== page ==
This Friday, the New-York Historical is presenting William Wyler’s The Heiress (1949) as part of our free Friday night film series. Based on Henry James’ 1880 story Washington Square, the film stars Olivia de Havilland as a young woman who falls in love with a handsome young man (Montgomery Clift), despite the objections of her emotionally abusive father who suspects the man of being a fortune hunter.
In 1880, when James wrote his novel, Washington Square Park did not yet have its iconic memorial arch, designed by McKim, Mead & White. That was built in 1889 to commemorate the centennial of George Washington’s inauguration as the first President of the United States. In fact, until 1825 the land on Washington Square Park was used as a burial ground, and to this day there are still human remains buried under the park.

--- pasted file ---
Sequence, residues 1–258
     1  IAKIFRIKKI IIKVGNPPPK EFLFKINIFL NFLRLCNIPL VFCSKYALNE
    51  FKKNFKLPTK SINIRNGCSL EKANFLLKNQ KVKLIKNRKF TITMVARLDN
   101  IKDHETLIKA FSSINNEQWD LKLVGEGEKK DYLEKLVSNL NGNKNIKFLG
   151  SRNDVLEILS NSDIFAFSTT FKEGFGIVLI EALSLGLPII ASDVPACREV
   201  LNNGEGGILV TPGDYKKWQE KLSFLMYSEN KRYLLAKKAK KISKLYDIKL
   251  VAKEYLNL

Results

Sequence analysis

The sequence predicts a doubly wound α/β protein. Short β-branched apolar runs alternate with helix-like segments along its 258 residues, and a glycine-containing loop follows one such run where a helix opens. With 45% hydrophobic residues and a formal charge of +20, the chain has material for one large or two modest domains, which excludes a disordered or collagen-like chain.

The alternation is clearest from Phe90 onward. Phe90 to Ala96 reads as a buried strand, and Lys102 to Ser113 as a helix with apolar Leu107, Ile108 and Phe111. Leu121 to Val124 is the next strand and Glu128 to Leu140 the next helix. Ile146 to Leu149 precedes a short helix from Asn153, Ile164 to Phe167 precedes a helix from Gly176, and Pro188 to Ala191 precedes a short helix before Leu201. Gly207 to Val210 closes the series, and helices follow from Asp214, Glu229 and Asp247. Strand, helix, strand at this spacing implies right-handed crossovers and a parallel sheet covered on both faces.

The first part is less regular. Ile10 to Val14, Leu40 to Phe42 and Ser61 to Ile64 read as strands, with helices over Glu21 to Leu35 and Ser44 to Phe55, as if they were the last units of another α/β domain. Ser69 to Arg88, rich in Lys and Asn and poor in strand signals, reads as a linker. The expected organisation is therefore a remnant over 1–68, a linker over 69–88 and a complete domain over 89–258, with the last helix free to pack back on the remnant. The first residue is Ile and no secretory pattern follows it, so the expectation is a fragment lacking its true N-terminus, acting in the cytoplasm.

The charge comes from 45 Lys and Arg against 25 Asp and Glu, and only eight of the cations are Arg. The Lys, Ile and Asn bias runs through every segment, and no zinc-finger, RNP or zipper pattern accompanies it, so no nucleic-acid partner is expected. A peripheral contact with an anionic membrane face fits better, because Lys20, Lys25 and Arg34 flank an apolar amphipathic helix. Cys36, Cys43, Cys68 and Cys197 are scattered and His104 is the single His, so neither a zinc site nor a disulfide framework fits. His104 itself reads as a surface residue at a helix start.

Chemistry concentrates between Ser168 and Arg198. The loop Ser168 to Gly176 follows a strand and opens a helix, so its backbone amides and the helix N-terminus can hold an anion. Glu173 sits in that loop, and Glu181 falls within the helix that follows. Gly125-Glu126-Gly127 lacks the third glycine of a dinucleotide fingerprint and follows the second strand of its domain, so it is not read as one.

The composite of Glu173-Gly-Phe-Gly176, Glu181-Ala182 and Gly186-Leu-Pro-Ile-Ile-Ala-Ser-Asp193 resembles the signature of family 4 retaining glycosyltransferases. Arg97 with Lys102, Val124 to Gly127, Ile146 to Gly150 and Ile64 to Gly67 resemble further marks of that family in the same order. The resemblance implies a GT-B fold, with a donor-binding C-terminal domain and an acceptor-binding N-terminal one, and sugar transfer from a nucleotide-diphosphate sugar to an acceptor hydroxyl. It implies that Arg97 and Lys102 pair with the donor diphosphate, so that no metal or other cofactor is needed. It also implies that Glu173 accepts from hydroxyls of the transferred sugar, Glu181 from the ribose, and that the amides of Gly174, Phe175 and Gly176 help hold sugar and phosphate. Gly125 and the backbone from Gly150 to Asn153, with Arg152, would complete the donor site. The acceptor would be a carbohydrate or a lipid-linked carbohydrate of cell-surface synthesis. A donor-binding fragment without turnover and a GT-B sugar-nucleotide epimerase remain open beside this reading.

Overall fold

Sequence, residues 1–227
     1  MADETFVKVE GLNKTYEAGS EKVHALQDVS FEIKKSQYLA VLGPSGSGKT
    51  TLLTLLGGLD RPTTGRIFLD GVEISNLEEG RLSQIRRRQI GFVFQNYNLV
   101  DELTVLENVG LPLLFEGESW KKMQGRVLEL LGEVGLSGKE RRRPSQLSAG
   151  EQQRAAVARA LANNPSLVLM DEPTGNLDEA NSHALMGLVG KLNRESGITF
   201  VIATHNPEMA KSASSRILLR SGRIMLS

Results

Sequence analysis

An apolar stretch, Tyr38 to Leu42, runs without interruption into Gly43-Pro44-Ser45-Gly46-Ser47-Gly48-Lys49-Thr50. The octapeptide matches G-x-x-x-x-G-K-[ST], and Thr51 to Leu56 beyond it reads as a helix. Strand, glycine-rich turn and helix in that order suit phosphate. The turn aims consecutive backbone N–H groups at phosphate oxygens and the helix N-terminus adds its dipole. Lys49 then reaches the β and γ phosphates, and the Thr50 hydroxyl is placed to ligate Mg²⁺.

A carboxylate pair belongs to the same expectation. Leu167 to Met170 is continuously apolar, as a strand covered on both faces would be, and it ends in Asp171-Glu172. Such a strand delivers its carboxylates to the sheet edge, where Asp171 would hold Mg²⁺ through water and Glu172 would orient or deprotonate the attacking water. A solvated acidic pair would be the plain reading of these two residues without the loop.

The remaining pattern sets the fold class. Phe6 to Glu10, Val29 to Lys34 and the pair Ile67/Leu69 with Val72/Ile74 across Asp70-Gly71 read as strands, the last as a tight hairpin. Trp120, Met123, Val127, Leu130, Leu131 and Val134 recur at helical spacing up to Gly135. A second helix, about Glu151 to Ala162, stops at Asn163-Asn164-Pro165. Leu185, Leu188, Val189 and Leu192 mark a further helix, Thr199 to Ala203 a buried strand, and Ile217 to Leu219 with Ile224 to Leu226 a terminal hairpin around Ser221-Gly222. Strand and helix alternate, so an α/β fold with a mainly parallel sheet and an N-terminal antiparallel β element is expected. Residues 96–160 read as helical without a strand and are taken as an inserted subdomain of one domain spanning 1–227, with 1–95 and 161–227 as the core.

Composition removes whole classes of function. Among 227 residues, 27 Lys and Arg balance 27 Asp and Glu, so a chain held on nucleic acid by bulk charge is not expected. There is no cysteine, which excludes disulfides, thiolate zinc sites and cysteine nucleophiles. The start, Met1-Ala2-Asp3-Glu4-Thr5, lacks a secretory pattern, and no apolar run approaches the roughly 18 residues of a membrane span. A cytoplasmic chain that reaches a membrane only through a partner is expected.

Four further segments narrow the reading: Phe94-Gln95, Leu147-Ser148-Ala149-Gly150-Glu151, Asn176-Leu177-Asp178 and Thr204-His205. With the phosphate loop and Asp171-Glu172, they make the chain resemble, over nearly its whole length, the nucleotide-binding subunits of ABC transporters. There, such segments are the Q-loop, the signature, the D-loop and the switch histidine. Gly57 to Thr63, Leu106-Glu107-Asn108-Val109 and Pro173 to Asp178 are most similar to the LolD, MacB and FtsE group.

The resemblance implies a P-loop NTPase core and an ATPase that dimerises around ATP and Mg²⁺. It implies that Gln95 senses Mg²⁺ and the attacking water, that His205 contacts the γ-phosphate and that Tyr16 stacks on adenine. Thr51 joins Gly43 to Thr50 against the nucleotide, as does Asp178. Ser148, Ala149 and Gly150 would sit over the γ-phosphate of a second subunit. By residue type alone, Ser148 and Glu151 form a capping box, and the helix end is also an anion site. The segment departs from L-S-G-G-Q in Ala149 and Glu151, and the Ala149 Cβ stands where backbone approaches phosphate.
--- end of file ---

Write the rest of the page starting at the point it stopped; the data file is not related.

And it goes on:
By 1948, when The Heiress was filmed (though the film takes place in the 1800s), the center fountain of the park had been renovated to include a wading pool, and the park began to be a haven for folk singers and other “bohemian” New Yorkers. Today it continues to be a center for Manhattanites, from NYU students to modern-day hippies to anyone who can afford to live in Greenwich Village!